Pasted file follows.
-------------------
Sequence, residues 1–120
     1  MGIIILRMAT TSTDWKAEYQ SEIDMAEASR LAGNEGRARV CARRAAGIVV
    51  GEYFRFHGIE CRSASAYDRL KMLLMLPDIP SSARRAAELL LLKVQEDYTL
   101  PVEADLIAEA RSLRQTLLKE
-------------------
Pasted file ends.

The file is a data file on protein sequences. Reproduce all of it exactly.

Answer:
Sequence, residues 1–120
     1  MGIIILRMAT TSTDWKAEYQ SEIDMAEASR LAGNEGRARV CARRAAGIVV
    51  GEYFRFHGIE CRSASAYDRL KMLLMLPDIP SSARRAAELL LLKVQEDYTL
   101  PVEADLIAEA RSLRQTLLKE